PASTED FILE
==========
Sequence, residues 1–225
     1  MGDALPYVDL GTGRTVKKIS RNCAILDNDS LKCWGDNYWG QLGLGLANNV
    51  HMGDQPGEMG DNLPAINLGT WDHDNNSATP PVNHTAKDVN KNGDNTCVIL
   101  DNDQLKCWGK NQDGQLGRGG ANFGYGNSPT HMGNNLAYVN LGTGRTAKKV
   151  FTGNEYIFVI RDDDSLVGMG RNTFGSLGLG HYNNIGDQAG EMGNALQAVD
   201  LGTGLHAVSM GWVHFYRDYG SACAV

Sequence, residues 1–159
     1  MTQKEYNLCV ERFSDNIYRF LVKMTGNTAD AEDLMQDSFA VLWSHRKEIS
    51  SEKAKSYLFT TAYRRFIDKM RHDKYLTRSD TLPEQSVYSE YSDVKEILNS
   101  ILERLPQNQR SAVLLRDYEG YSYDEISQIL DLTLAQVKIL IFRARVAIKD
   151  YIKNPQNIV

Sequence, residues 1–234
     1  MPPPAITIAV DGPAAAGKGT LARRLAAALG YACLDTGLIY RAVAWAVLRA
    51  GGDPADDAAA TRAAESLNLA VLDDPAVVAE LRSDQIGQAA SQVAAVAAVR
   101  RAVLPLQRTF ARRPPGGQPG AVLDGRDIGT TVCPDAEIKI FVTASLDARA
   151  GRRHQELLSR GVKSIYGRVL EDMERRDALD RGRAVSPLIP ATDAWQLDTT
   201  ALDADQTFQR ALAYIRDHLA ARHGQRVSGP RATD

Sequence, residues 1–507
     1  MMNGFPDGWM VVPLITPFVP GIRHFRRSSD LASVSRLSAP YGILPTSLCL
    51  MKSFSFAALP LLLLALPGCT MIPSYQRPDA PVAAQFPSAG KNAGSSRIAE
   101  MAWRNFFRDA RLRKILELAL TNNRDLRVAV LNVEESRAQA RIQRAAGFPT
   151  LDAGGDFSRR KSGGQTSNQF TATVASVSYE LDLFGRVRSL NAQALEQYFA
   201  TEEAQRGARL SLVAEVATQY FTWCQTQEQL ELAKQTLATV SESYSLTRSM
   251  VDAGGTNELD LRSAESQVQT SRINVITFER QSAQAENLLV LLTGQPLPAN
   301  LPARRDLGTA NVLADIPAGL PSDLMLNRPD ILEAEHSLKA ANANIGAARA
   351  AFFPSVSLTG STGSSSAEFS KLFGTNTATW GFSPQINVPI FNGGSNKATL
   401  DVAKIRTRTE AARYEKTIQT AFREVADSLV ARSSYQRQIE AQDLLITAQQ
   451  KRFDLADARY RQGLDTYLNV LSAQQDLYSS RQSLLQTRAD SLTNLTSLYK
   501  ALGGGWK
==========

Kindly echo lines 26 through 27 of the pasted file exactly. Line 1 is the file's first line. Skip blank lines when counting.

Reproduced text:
   351  AFFPSVSLTG STGSSSAEFS KLFGTNTATW GFSPQINVPI FNGGSNKATL
   401  DVAKIRTRTE AARYEKTIQT AFREVADSLV ARSSYQRQIE AQDLLITAQQ